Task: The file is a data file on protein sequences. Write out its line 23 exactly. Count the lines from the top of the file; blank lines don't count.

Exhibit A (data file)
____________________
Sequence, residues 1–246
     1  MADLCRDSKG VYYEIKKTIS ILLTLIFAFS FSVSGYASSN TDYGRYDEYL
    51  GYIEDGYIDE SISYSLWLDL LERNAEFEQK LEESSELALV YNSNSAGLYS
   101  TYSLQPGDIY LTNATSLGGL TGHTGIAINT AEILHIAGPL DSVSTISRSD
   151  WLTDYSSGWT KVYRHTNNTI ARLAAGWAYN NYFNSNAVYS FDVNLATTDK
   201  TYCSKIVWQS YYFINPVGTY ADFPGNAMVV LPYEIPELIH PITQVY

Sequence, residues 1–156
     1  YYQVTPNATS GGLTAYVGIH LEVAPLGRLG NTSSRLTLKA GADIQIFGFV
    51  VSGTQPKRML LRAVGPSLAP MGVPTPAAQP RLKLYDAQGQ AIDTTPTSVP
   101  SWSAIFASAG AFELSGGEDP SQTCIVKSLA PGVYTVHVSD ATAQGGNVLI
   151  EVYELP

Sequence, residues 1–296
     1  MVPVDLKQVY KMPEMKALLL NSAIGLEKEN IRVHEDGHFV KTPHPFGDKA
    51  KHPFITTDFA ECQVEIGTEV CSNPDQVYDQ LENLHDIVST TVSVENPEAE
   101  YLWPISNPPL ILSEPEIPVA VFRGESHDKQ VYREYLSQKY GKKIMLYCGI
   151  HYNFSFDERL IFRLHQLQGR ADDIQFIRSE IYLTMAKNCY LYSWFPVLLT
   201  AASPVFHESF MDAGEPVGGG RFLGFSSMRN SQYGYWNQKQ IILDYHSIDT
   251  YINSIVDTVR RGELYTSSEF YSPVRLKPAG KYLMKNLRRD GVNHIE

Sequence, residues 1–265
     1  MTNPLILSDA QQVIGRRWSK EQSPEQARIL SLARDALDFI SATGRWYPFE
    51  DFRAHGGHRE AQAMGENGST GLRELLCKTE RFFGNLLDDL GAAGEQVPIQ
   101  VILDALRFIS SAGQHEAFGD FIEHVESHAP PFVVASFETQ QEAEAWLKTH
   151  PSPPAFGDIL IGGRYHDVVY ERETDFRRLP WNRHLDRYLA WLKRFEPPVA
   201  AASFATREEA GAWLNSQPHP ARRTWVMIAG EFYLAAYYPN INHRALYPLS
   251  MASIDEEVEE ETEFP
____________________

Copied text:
   151  PSPPAFGDIL IGGRYHDVVY ERETDFRRLP WNRHLDRYLA WLKRFEPPVA